Ajami is an Israeli film that is in contention for an Academy Award this Sunday for Best Foreign Language Film. Whether it wins the Oscar or not, it has already gained a lot of international attention and accolades and it will probably be in American theaters soon. Clearly, as an Israeli film, it falls within the scope of Palestinian Campaign for the Academic & Cultural Boycott of Israel (PACBI) and the Palestinian call for Boycott, Divestment and Sanctions against Israel (BDS).
However, as Palestine solidarity activists our critics and some of our allies will object if we target Ajami for protests and boycott actions especially because the film is about life in a Palestinian neighborhood and features Palestinian actors and a Palestinian co-writer/director/editor, Scandar Copti. But consider these excerpts from an interview with Copti in al-Jazeera in September 2009:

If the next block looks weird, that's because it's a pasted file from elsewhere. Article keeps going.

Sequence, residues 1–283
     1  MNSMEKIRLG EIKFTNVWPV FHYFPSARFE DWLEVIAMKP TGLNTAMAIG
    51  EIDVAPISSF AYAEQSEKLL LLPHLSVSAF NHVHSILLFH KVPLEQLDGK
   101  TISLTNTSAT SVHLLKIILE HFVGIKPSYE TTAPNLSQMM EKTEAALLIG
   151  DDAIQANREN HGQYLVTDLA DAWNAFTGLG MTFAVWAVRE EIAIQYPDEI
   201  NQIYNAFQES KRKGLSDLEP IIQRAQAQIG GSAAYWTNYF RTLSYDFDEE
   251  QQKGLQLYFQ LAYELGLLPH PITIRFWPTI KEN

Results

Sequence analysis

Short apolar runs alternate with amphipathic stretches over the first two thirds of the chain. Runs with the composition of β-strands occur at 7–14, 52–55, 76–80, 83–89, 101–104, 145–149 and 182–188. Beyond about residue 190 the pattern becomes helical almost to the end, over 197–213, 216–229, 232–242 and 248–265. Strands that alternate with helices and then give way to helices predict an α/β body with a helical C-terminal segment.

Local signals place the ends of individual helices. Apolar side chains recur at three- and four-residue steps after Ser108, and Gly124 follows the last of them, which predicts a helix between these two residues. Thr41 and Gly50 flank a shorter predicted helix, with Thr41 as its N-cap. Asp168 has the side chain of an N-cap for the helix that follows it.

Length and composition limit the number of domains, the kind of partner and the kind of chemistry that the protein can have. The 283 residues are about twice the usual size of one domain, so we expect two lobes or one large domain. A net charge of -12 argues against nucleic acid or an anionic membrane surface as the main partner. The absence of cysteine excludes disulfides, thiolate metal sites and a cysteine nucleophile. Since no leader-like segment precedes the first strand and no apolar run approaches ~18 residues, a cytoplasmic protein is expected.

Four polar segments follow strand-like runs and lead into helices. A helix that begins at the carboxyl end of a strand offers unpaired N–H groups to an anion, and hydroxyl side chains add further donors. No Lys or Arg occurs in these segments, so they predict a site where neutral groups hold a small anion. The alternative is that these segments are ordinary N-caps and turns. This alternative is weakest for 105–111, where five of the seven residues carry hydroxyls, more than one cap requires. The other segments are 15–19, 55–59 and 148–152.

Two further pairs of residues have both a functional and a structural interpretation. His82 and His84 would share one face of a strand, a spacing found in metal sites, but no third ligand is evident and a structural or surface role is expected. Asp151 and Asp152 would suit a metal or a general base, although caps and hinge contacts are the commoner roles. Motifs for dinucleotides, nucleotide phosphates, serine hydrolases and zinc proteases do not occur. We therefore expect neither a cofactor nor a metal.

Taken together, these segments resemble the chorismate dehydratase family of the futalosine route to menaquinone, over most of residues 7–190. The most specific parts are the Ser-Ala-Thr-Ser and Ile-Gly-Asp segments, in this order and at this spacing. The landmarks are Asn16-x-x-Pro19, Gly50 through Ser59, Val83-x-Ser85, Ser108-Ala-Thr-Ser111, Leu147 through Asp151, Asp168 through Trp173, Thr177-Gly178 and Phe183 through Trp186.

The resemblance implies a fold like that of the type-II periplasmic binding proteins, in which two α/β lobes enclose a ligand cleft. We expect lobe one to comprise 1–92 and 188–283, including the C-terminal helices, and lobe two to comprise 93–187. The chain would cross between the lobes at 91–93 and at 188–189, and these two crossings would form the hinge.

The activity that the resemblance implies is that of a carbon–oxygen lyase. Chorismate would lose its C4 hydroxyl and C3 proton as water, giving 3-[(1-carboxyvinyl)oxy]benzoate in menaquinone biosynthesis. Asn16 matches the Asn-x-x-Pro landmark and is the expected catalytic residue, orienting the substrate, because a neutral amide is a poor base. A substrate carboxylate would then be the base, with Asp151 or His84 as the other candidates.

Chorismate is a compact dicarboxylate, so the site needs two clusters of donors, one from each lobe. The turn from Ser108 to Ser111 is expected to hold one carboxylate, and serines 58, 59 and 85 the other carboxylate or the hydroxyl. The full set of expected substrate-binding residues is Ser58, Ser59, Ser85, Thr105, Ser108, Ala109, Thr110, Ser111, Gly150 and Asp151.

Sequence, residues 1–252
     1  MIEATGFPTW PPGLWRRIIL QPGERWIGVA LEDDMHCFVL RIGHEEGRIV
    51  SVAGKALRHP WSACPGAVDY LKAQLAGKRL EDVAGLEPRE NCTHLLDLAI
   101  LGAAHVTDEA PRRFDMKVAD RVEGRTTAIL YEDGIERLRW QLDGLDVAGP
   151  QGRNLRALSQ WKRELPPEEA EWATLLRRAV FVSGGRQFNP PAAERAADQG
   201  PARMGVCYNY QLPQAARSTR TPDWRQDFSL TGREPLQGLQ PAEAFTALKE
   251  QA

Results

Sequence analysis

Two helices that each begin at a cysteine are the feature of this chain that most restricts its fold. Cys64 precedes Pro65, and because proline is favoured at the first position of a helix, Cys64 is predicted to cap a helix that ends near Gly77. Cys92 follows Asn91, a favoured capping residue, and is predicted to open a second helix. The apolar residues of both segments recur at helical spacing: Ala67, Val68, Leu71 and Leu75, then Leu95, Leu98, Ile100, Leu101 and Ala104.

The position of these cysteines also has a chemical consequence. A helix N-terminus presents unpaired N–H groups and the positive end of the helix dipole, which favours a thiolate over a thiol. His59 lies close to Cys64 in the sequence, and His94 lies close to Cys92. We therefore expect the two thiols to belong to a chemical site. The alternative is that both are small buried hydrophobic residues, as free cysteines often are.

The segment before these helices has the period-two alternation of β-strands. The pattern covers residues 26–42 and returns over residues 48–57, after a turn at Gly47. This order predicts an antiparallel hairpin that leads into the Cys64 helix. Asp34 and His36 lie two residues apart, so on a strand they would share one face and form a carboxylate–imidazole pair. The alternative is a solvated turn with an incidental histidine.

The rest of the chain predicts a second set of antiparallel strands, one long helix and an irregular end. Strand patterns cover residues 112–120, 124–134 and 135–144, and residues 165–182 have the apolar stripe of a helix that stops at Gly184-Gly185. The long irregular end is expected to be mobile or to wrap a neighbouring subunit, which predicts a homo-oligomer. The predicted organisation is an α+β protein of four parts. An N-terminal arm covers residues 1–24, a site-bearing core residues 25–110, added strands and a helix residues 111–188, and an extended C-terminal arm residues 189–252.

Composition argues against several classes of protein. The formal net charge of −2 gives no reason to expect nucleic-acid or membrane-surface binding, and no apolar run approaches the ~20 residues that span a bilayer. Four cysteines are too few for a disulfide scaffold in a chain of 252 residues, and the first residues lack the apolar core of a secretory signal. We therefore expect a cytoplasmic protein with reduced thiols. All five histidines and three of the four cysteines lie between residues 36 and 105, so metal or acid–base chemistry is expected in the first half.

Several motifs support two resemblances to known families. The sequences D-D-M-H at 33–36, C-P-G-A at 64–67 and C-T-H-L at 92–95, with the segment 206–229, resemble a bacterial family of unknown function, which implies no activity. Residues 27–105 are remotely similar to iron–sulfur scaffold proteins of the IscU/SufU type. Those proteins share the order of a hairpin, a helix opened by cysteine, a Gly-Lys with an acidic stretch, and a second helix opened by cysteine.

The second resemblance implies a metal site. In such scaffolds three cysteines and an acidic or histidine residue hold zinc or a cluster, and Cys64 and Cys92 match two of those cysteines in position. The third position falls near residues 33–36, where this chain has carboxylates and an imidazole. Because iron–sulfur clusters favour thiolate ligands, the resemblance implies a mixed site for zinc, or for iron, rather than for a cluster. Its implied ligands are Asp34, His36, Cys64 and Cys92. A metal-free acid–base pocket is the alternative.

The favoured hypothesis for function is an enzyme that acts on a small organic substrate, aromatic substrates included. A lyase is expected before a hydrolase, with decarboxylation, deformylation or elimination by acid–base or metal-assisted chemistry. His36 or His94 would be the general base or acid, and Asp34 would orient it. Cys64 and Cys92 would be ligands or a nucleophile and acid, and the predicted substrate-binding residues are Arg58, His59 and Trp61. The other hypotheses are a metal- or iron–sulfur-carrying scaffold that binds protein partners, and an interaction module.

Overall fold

The Israeli Film Academy just announced that you won five Ophir awards, including best picture and screenplay - a first for a Palestinian filmmaker - and now your film will go on to represent Israel at next year's Oscars. What are your feelings about this?Now, consider some thoughts in a BBC review by Palestinian attorney Raja Shehadeh (segment starts at 8:05 or listen to the review only below). Shehadeh is an Orwell Prize winner and founder of Al-Haq, a Palestinian human rights organization, he says:
I am happy that I'm being recognised as a filmmaker, and I value my rights just like any other citizen. But as a Palestinian citizen of the Israeli state, I have no equal rights. The idea of the citizen is non-existent for Palestinians living inside the Israeli state.